Is hempcrete the new concrete for carbon negative buildings?

Why are we asking this question now

Some will call you part of the conspiracy that is ‘global warming’ and others will tell you that it is government propaganda that is aimed at taking away your hard earned cash. We will not debate on the merits of such arguments, but the fact remains that adding carbon dioxide to earth’s atmosphere can do us little good. There is no arguing with the sound and proved scientific fact that adding carbon dioxide to the atmosphere increases its ability to trap in heat. And it is estimated that some 50 percent of all carbon emissions come from constructions of buildings and homes and their subsequent usage.

A more effective way of construction that reduces carbon emissions is needed and one of the best ways to achieve that at the moment seems to be the use of Hempcrete.

The seriousness of the current situation





There is absolutely no doubt that we need to change our construction methods quickly if we wish to reduce the addition of carbon emissions to the atmosphere. New structures are coming across the globe at a rapid pace and almost all of them use a mixture that we call ‘concrete’ for their build. Concrete comes with many disadvantages and most importantly uses up resources and structures that are made using reinforced concrete create so much pollution that estimates suggest as much as 200kg of CO2 is emitted in the production of each square meter of walling. For a world that is turning towards electric vehicles, recycling and repurposing to reduce emissions, this indeed is a serious problem. And Hempcrete promises to provide the ideal solution.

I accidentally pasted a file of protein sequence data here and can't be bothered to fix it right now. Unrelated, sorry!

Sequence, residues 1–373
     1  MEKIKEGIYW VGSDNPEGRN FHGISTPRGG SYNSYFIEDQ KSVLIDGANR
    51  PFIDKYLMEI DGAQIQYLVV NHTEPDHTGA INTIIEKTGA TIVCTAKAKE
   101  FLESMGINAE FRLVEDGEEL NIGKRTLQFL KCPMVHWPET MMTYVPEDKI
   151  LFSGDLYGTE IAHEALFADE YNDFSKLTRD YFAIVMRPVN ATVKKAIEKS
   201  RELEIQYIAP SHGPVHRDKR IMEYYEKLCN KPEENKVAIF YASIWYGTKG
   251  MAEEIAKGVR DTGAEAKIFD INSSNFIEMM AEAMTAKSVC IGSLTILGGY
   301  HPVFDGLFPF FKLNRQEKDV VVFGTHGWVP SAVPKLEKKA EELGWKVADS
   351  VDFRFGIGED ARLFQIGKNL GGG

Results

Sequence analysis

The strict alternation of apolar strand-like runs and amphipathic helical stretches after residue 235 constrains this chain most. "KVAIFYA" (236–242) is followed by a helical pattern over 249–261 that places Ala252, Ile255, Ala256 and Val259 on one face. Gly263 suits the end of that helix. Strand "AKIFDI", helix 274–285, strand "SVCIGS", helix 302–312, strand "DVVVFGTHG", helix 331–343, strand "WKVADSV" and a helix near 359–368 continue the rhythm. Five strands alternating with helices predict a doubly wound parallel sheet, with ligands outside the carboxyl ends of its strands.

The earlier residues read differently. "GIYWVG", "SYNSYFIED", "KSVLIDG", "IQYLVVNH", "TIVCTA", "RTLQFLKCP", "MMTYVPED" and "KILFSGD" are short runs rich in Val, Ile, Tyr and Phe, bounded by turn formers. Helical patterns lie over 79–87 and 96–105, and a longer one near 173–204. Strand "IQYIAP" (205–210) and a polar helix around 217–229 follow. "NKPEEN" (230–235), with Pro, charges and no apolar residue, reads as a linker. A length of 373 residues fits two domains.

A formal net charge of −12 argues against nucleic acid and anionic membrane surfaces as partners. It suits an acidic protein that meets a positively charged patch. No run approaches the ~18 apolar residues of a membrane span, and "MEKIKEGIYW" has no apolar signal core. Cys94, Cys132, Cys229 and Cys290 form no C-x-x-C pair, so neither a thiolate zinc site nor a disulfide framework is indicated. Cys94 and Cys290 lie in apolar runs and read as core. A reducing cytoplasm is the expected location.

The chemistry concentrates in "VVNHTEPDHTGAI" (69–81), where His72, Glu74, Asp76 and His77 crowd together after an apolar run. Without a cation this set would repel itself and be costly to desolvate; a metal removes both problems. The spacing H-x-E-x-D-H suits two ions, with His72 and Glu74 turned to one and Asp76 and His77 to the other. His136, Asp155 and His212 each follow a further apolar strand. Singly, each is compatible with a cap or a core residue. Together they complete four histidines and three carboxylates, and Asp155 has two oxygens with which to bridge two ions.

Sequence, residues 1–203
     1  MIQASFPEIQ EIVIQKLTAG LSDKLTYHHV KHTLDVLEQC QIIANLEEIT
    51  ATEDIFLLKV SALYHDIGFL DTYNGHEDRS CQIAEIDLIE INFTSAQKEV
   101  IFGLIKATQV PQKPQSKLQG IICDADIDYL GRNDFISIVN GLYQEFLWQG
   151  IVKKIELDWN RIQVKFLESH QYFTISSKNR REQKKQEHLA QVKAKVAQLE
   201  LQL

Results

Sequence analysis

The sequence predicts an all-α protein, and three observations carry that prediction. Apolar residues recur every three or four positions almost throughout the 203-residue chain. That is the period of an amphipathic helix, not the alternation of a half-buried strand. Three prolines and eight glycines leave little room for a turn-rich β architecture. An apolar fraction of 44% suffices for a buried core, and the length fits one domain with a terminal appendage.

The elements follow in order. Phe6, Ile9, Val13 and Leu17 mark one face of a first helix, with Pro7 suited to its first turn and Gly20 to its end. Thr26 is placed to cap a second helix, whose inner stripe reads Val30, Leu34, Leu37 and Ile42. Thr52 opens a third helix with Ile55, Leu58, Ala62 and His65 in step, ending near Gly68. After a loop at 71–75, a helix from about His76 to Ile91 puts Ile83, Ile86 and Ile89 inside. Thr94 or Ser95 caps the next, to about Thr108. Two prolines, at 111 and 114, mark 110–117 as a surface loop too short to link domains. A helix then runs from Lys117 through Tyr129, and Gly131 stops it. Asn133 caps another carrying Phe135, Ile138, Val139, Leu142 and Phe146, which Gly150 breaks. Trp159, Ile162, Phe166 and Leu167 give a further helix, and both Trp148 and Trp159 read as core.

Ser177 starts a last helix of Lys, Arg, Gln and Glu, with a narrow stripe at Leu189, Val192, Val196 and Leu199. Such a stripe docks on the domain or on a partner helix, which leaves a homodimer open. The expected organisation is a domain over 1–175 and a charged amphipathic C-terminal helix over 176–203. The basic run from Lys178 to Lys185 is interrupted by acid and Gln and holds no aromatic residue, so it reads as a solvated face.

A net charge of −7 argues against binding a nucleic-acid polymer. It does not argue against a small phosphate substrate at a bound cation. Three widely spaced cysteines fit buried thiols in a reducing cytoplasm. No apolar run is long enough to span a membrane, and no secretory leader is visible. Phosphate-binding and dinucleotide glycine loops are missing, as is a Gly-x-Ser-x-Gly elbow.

What the experts say:

David Mosrie of Push Design, who was involved in building the first Hempcrete home in US said:

“The durability is unlike anything we have seen, with the exception of stone, as perhaps even beyond that as there is no mortar joint failure possible. Studies in Europe have estimated about a 600-800 year life span for the wall system.”





Trends of turning towards Hempcrete:

1. America’s first home to primarily use Hempcrete

The house made of hemp

In the US, it is illegal to grow hemp and this has become one of the biggest hurdles in making Hempcrete popular. But America’s first Hempcrete home took shape in Ashville, North Carolina and its designers used a variety of new techniques to ensure that the home is both sustainable and strong. Hempcrete is naturally stronger than concrete and while it does need a support frame, the home used recycled paper panels known as PurePanels for that purpose. There are many advantages of a Hempcrete home. The walls of the structure become progressibly stronger as they absorb CO2 from the air, which calcifies lime.

2. Synthesis of Tradical Hemcrete





Hemcrete: Carbon Negative Hemp Walls